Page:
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  • Saturday, January 15, 2005


    Martin Luther King and War

    As we come up on Martin Luther King Day, I came across a couple of items I thought worth noting. The first is from Holiday for a Hero:

    Reagan's quip and Helms rabid opposition sent the not so subtle message that King really didn't merit a national holiday. Legions of state legislators, local officials, and business leaders instantly took the cue. It took more than a decade sparked by ferocious political, and legal battles and intense opposition from industry groups before all fifty states finally capitulated and passed a King holiday law.

    That hasn't ended the fight. Though King's holiday is an officially declared public holiday, many local government agencies still refuse to shut their doors that day. A study of hundreds of businesses by BNA Inc., a Washington-based business news publisher, last year, found that more than 40 percent of state and local public agencies keep their doors open on King's birthday. But opposition to a King holiday is deepest and most persistent among businesses. According to the BNA survey, fewer than three out of 10 businesses give their workers the day off. By contrast, about half of American firms give their employees a day off on Presidents' Day. This is the next least celebrated day next to King's birthday.

    The second is from More Than a Dreamer:

    Every year, millions of Americans pay tribute to the memory of Dr. Martin Luther King. We often forget, however, that King was the object of derision when he was alive. At key moments in his quest for civil rights and world peace, the corporate media treated King with hostility. Dr. King's march for open housing in Chicago, when the civil rights movement entered the North, caused a negative, you've-gone-too-far reaction in the Northern press. And Dr. King's stand on peace and international law, especially his support for the self-determination of third world peoples, caused an outcry and backlash in the predominantly white press.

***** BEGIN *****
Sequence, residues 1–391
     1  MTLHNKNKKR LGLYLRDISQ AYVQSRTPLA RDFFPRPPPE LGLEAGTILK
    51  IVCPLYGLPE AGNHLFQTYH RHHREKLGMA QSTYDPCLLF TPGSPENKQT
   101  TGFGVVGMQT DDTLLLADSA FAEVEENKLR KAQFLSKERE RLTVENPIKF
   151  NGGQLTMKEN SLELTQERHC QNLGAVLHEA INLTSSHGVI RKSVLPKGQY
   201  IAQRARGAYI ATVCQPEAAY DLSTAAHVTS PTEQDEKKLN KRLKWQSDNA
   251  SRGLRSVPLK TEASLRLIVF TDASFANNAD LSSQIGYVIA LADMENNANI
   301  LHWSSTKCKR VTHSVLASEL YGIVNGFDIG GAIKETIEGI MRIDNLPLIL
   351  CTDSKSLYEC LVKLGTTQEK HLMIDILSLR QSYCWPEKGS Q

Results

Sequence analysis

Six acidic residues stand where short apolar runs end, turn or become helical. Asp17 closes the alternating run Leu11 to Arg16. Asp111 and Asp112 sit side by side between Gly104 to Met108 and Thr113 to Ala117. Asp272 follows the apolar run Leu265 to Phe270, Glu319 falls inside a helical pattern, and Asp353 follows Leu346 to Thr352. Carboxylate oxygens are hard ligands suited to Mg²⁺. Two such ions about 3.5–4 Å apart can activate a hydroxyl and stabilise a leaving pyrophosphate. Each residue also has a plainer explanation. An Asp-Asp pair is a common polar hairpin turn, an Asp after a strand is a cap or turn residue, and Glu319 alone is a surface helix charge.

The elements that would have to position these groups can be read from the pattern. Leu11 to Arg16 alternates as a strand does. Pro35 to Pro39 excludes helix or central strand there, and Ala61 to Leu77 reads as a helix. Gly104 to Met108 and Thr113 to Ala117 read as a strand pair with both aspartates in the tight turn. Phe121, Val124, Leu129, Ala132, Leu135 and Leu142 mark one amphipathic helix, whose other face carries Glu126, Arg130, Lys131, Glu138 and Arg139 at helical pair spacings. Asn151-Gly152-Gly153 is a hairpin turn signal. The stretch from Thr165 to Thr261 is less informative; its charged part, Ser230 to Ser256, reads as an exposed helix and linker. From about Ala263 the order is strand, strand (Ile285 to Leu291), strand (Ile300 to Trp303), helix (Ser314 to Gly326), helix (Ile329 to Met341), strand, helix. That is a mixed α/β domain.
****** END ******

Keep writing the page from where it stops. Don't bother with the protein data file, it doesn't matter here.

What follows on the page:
In his prophetic anti-war speech at Riverside Church in 1967 (recorded and filmed for posterity but rarely quoted in today's press), King emphasized four points: 1) that American militarism would destroy the war on poverty; 2) that American jingoism breeds violence, despair, and contempt for law within the United States; 3) the use of people of color to fight against people of color abroad is a "cruel manipulation of the poor"; 4) human rights should be measured by one yardstick everywhere.

    The Washington Post denounced King's anti-war position, and said King was "irresponsible." In an editorial entitled "Dr. King's error," The New York Times chastised King for going beyond the allotted domain of black leaders – civil rights. TIME called King's anti-war stand "demogogic slander ... a script for Radio Hanoi." The media responses to Dr. King's calls for peace were so venomous that King's two recent biographers – Stephen Oates and David Garrow – devoted whole chapters to the media blitz against King's internationalism.

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